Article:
And now it really is finished! It’s turned out much better than it might have done, and it wants blocking and mounting in some way, but I think our local charity shop stands a chance of selling it once that’s done..
Update: my cousin is looking to furnish her office and has asked for it in return for a donation to my pet charity!
Dobbin covers quite a bit of the canvas!
Once I’d done all the masses of what for want of a better term I am going to call long and short stitch, using blends of stranded cotton, I sat back and looked.
I’ve added some long stitches to the tail, using two differently coloured strands of stranded cotton twisted together. I’m not sure whether to add more of this, or even whether to leave it in, but I wanted to help emphasize the length of the tail, and this is one way to do it.
The conversation is very clear to see now, I think. The colours are similar, but not the same, the technique is the same, and there is a real sense that Dobbin and the dog (Polly the pointer?) are having a proper catch-up.
I wonder what they are talking about?
Actually, once I looked at the conversation as it stands, I thought there was a little still missing…
It’s nothing like the thickness the mane would truly have, but I think it gives just the right recollection of the shaggy long hair of Dobbin’s mane, and the blue cotton on the harness and the back of the saddle suggest sunlight on the leather.
He’s turned out much better than I feared!
You may recall that I started on the horse in the canvaswork, and then suffered from Doubts. I thought it looked an unholy mess, and diverted my thoughts to the fence by the cottage. Which turned out very pleasingly, which is always a relief.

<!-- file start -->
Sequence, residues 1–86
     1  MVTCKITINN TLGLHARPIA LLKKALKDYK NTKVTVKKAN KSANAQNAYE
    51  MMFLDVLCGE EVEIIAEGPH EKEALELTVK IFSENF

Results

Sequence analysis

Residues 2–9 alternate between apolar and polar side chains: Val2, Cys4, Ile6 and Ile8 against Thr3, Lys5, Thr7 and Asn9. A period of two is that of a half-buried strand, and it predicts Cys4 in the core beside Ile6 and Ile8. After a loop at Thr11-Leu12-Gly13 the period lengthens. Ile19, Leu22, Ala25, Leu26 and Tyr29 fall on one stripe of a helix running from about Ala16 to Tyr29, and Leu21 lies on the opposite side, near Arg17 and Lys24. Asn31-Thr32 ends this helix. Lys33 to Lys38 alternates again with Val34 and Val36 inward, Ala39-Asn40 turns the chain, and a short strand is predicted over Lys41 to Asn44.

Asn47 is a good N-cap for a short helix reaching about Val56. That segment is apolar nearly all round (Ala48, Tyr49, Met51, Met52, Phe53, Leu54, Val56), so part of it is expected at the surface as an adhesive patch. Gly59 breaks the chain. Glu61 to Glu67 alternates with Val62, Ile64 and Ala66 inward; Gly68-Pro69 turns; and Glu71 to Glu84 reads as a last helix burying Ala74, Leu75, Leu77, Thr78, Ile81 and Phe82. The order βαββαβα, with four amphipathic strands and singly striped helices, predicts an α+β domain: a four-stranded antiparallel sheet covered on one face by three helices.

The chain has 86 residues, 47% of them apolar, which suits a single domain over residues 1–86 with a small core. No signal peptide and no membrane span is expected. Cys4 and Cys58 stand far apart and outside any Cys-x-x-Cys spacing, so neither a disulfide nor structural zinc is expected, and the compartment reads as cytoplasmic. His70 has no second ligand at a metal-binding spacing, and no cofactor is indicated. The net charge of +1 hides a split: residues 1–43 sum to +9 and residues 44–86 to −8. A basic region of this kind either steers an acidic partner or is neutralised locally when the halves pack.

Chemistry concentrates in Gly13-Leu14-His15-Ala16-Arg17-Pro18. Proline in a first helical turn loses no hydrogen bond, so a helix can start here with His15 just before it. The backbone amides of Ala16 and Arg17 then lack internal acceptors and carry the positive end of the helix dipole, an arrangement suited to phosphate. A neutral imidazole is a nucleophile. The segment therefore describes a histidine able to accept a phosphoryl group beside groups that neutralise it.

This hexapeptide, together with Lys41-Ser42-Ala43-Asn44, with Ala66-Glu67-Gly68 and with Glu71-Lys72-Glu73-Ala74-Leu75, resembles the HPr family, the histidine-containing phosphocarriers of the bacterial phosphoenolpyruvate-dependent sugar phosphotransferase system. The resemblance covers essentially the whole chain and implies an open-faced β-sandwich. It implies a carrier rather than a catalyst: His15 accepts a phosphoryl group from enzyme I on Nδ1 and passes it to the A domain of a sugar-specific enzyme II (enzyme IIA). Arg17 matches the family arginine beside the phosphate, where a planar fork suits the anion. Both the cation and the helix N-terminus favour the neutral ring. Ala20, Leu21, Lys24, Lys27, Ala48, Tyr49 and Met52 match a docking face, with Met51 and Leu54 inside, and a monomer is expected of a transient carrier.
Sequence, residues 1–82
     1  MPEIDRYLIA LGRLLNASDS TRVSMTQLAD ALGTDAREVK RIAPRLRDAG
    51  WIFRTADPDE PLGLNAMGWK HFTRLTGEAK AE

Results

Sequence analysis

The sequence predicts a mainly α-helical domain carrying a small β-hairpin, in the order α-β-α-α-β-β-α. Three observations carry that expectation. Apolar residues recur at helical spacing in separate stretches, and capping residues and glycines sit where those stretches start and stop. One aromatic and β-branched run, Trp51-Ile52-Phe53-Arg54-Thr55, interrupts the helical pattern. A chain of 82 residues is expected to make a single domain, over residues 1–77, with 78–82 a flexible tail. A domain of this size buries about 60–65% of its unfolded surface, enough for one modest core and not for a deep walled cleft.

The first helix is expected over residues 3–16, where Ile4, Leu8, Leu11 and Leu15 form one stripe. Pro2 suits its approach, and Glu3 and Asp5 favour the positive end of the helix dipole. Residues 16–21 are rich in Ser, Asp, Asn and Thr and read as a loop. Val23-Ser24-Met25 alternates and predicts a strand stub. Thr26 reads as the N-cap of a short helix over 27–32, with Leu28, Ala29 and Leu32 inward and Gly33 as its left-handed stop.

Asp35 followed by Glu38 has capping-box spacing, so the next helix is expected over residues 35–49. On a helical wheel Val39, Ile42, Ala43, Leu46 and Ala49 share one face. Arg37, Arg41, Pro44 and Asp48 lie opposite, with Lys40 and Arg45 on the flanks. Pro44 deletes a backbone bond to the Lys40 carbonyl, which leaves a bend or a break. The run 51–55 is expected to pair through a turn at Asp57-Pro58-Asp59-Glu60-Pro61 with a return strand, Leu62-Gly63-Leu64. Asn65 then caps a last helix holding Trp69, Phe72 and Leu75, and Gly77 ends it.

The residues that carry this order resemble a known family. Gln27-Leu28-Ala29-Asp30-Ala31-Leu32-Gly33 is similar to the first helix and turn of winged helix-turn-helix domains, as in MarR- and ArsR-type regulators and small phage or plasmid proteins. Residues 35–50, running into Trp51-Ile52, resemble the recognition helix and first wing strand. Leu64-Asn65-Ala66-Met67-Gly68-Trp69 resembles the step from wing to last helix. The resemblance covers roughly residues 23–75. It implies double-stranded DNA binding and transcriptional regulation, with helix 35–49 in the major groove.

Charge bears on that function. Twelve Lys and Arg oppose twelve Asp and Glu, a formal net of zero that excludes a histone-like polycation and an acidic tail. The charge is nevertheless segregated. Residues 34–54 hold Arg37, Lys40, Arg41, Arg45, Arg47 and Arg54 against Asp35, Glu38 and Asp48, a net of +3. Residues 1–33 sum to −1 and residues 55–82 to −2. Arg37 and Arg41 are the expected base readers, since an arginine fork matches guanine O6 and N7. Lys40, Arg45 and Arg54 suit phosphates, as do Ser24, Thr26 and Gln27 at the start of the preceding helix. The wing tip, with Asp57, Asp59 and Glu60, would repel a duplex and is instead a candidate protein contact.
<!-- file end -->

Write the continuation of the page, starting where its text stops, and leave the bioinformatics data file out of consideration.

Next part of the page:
Then my cousin made a passing comment that helped me unstick the problem – she said that there are two conversations going on in the picture, one between the man and the woman, the other between the dog and the horse. That being the case, it seemed to me that I should maybe use the same technique for the dog and the horse, even the same sort of thread, so as to highlight the conversation.
I wanted to create the impression of fur, but nothing too shaggy, so while I wrestled with unpicking the horse, I started on the dog. Stranded cotton, separated and recombined using several close colours (I have a lot of stranded cotton, so this is all still stash), and then worked upward from the feet and the end of the tail in something a bit like long and short stitch.
I think this has worked well. We have friends whose dog is a similar shape and colouring to this one, and it was fun to sit and stitch with her in mind.
Of course, an entire horse (I’m calling him “Dobbin”, of course!) is going to take some time to do, since I need to work upwards. But at least I’ve made a good start here, smaller stitches around the hoof, longer stitches, with still longer ones planned, for the tail.
He’s a rough-coated working country horse, not a sleek and shining racehorse, so if the colours are clouded a bit, and the darks and lights not as distinct as they might be, that’s all to the good.
I’ve continued to work on the tent stitch, too, every which way, as it is in the sections already worked when I got the canvas, so the whole thing is getting closer to being finished..